Mr. PASCRELL. Mr. Speaker, I rise to speak for the unemployed. I've had more calls in my office in the last 2 weeks from those who have run out of benefits. That's a fact of life. The last speaker who talked about the unemployed and that they are better off without us helping them, figure that out. The unemployed are better off when they can put food on the table for their families. The unemployed are better off when they can pay their rent. That's when the unemployed are better off. And that doesn't happen by osmosis.
This legislation is incredibly important because millions of Americans woke up this morning and will not be able to pay their rent, will not be able to pay their electric bill, will not be able to do at the grocery store what needs to be done.
For years, there were policies that placed the extraordinarily wealthy people of this country--the big banks, the well-connected--above seniors, above the middle class, above the American people. Just today, at one of the Financial Crisis Inquiry Commission's hearings, you should have watched it when these guys wiggled in their chairs in answering the questions of the Commission of how we got into this mess.
Look, there's enough blame to go around on both sides. But you guys were in charge--not us. Remember, 8 million jobs, millions of people's retirements lost, because of the recklessness of Wall Street. And we can't dig down and help those people who are unemployed--the extent of the time of unemployment we haven't seen in so many years. But if you go back to 2005, when we were warned of the clouds that were heading towards us, you will remember in those 2 years before that, 2003 to 2005, the average salary and wage went down 1.5 percent.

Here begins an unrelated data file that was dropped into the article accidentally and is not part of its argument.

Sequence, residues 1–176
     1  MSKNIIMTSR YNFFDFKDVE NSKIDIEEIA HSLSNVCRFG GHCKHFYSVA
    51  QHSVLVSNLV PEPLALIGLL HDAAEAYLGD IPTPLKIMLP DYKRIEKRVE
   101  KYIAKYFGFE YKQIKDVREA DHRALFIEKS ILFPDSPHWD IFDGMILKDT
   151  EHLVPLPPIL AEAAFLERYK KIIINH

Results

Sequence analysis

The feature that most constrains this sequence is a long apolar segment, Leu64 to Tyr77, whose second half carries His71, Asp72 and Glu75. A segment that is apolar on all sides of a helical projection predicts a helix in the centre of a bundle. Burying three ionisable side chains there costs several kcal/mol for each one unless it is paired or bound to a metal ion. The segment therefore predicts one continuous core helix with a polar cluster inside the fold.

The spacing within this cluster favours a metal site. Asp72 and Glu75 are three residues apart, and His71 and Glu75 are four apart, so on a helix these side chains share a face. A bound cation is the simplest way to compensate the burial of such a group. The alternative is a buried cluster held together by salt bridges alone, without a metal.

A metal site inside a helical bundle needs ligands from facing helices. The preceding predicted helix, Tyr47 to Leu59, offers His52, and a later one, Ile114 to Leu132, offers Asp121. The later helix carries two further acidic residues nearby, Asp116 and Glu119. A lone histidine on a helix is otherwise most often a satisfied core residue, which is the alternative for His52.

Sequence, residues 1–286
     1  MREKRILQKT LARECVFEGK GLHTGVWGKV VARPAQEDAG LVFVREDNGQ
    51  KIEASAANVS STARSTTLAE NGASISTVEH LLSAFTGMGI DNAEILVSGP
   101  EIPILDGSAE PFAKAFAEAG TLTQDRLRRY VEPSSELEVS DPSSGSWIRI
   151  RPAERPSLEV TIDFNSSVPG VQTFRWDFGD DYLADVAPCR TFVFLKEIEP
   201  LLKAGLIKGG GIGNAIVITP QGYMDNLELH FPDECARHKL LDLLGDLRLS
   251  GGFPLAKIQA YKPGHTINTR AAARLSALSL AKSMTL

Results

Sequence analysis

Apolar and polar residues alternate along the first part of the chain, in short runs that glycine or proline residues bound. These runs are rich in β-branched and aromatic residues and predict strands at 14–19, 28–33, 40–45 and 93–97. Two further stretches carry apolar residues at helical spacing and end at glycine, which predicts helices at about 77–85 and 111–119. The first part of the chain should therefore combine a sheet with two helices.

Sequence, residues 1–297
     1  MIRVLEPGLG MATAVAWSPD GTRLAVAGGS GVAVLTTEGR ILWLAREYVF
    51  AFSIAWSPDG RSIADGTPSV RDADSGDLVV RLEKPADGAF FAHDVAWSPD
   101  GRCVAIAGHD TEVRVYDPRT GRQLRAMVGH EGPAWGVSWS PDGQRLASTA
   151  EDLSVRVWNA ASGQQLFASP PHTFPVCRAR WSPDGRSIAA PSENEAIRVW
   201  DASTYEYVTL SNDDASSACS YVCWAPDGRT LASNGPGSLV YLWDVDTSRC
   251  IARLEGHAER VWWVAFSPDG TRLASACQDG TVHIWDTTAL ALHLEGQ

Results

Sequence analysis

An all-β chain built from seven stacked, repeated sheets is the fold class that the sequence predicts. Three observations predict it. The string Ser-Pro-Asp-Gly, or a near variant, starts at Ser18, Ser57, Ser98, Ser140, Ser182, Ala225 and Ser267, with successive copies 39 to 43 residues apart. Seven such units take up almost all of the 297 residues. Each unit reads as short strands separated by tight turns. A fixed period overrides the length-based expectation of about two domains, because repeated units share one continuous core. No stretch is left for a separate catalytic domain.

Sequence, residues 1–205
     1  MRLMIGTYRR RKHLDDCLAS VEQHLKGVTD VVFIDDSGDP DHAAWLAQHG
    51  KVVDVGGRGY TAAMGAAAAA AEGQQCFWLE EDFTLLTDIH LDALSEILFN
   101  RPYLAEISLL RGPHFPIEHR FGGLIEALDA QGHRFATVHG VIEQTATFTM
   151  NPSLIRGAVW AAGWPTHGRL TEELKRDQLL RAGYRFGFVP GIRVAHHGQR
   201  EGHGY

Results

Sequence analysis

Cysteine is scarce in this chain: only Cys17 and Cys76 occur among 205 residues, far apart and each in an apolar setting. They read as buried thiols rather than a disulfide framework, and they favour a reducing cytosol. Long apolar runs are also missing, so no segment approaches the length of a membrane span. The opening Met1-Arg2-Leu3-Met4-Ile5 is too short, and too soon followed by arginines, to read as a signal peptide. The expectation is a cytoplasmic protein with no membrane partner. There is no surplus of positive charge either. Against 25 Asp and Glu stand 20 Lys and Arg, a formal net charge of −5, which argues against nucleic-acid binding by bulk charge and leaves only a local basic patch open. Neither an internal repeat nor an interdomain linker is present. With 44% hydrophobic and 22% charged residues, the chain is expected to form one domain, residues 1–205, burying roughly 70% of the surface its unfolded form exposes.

The SPEAKER pro tempore. The time of the gentleman has expired.
Mr. LEVIN. Mr. Speaker, I yield the gentleman 1 additional minute.
Mr. PASCRELL. Thank you, Mr. Chairman.
ANNOUNCEMENT BY THE SPEAKER PRO TEMPORE
The SPEAKER pro tempore. The Chair reminds all Members to address their remarks to the Chair.
Mr. PASCRELL. During that period of time, which was a bellwether for what was going to happen--which was a distant early warning signal--why we couldn't understand where is this money going if everybody's making profits? And then we examined the record. Where was it going? It was going to corporate profits because nobody was watching. There was no oversight.
These unemployed are suffering because of those profits in times where we were starting to tighten our belt and understand what was coming our way. The emergency unemployment compensation program began to phase out at the end of May, so this bill will retroactively restore those necessary benefits.
This is dignity we're talking about. This is a man or woman looking at their families and saying, We are going to eat tomorrow; we are going to pay the electric bill; and we are going to pay the rent. I think this is important and critical.
After two wars and after two massive tax cuts to help the rich--that you never paid for--you have the nerve to tell the unemployed people in this country that you must be wanting to be unemployed. ``I'm sorry, we cannot help you.'' But if you're part of corporate America and you stuck it to the Americans in the middle class of this country and the poor, ``That's all right. We'll find a way to bail you out.''
Let's make sense. Let's be fair.